Standing At The Crossroads – St. Louis Music History
How it all began:
Located at the crossroads of the country, St. Louis soaked up the diverse assortment of musical styles and sounds that traveled to, from, and through the area. When the earliest forms of the blues migrated north from their birthplace in Mississippi Delta, they melded with the ragtime strains popular in St. Louis at the time and the result is what’s known as the St. Louis blues. Later, American music icons like Chuck Berry, Miles Davis, Ike & Tina Turner, Albert King, and Little Milton would hone their craft in St. Louis, creating new versions of the traditional genres of blues, jazz and R&B.
In 1914, W. C. Handy published his immortal song “St. Louis Blues,” which he allegedly wrote while sitting on the St. Louis riverfront, and it would become the most popular blues song in history. The late St. Louis musical legend Henry “Mule” Townsend defined the blues: “If I was a rich man, had all the money I needed, and suddenly all that money left, my feeling would be what they call the blues.”
Defining the indefinable and playing for the people, Townsend and countless other musicians have made their living in St. Louis singing songs about real people with real problems. Despite the term “blues,” Townsend cautioned that the music doesn’t always have to be sorrowful. “To me it’s not necessarily the saddest thing in the world, it tells a lot of stories about natural life – how people live.”
Many credit the ribbon of river running along the edge of St. Louis for transporting the blues “upriver” from the genre’s birthplace in Mississippi. “Around World War II there was a great migration of blues musicians who came up the river,” says John May of the St. Louis Blues Society. “Ragtime was very popular in St. Louis and the integration of blues music from Mississippi created what became known as the St. Louis blues.”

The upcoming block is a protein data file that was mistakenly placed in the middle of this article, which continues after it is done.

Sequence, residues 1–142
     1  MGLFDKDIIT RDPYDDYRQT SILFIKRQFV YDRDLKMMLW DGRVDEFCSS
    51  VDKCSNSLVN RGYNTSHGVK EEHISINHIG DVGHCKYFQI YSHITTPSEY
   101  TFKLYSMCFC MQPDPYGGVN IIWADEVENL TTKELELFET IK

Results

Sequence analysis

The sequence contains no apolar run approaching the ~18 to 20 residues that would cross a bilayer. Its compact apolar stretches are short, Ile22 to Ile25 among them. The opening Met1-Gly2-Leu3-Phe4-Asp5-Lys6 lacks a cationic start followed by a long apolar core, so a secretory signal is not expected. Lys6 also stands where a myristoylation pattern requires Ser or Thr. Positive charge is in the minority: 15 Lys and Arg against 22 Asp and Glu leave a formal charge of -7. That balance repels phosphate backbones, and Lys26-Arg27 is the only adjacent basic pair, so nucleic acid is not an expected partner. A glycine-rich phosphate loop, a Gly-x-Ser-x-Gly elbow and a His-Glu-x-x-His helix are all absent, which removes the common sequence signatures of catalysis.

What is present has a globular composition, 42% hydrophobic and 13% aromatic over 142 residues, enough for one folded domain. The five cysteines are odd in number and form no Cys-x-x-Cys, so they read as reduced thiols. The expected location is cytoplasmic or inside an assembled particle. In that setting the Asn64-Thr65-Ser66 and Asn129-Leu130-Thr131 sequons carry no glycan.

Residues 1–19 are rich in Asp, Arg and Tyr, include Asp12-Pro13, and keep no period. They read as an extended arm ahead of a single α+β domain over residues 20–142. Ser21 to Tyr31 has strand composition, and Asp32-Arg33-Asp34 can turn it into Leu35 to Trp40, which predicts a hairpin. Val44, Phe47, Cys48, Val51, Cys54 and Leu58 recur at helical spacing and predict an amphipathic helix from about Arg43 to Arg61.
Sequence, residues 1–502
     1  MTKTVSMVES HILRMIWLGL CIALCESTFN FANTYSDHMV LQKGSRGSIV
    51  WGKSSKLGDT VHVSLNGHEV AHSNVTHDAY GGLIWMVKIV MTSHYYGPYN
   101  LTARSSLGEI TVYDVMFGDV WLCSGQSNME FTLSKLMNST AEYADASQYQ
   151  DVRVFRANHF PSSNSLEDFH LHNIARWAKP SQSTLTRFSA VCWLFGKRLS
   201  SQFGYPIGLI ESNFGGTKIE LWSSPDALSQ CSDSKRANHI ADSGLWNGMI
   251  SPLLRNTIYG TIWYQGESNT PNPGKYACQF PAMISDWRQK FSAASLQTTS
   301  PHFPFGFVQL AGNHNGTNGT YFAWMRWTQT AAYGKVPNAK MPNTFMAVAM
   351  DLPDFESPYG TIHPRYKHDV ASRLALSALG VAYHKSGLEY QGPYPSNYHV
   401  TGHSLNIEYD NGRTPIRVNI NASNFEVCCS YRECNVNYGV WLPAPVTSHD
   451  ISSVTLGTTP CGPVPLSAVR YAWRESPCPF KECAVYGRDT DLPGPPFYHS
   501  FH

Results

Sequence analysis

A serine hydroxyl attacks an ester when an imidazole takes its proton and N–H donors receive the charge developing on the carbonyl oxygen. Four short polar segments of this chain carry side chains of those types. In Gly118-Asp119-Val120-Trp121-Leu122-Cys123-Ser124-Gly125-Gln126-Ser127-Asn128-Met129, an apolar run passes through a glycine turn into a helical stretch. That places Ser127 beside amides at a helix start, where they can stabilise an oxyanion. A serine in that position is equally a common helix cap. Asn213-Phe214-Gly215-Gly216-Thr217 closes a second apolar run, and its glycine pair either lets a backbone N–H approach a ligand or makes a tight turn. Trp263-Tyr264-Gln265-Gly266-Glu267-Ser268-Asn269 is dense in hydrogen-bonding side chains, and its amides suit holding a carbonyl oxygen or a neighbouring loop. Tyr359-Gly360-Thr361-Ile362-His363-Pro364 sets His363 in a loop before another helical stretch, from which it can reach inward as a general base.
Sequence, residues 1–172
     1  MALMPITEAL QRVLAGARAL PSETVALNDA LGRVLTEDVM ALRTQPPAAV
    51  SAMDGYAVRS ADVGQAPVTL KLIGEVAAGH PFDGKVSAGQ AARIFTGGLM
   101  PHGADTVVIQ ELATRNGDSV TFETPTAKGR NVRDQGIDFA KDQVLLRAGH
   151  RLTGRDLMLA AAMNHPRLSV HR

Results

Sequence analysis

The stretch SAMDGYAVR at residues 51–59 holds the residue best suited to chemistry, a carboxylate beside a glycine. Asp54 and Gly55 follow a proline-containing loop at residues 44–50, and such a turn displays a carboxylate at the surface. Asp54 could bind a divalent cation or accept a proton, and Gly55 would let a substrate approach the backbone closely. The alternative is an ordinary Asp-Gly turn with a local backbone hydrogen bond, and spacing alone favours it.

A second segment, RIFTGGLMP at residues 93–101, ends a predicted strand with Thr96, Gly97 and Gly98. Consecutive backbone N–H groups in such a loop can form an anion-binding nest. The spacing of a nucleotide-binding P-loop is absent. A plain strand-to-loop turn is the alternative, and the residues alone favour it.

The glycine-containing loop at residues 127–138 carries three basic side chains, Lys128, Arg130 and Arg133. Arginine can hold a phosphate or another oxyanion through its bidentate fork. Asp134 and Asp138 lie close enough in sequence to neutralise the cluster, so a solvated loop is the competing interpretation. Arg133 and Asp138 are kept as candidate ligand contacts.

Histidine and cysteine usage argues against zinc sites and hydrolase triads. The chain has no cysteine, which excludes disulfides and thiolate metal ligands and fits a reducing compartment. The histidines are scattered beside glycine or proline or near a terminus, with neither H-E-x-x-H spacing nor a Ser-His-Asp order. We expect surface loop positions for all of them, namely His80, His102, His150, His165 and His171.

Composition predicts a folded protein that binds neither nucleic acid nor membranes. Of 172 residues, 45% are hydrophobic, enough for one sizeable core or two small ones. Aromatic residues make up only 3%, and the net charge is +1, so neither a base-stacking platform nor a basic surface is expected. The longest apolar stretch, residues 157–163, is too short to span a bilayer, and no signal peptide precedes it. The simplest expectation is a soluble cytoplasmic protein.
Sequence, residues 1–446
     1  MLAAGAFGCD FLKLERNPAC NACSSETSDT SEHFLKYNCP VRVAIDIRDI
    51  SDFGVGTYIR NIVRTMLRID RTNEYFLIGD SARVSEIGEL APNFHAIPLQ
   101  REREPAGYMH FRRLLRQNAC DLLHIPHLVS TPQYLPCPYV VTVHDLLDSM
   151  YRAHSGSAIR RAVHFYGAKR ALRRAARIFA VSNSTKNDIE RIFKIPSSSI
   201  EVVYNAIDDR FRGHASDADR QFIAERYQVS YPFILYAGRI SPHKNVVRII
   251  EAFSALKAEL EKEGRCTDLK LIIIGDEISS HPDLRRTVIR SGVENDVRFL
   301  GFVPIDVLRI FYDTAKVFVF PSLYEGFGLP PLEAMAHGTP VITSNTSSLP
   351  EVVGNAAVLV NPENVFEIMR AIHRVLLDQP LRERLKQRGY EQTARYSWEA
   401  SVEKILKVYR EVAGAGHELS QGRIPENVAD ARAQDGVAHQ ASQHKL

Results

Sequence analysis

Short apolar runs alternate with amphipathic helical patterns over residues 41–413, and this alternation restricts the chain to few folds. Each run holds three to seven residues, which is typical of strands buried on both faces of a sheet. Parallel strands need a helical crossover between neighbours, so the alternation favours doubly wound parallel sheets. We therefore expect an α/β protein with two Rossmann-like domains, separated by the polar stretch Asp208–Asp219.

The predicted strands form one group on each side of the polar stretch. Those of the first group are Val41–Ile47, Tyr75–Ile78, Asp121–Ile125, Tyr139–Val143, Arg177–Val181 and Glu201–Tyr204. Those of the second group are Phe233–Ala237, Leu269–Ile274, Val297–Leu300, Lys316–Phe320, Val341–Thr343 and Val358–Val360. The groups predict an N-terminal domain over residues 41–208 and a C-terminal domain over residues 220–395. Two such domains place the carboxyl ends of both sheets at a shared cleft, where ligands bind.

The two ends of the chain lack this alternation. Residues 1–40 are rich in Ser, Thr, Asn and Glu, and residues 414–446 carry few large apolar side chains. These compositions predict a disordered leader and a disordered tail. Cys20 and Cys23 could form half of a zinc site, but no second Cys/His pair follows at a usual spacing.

Ragtime king Scott Joplin was a regular in the night spots of St. Louis at the time of the 1904 World’s Fair. Joplin’s music was the rock ‘n’ roll of its era – the music of the counterculture – and he spent some of his most productive years in St. Louis at the turn of the 20th century. Ragtime was a huge hit with the thousands of people who flocked to hear him perform at the 1904 St. Louis World’s Fair and at the Rosebud Café. The Rosebud was located near St. Louis Union Station, and Joplin and his contemporaries are said to have taken over the café regularly to practice their new compositions for the crowd.
Today the Scott Joplin House State Historic Site, a National Historic Landmark, offers a glimpse into the young pianist’s life in St. Louis. Joplin lived at the home from 1900-1903, which is considered his most productive and creative period. The restored, post-Civil War structure has re-created the feel of Joplin’s home during this period, and includes player piano rolls of “rags” cut by Joplin himself.
Jazz influences also steamed into St. Louis aboard northbound riverboats from New Orleans. Once here, they blended with established ragtime and Mississippi blues music to enhance the St. Louis blues. African-American music in general was a quintessential element in the city’s nightlife as early as the late 19th century, and the famous ballad “Frankie and Johnny” is said to be about the murder and mayhem that were once an everyday occurrence in this then raw river port town.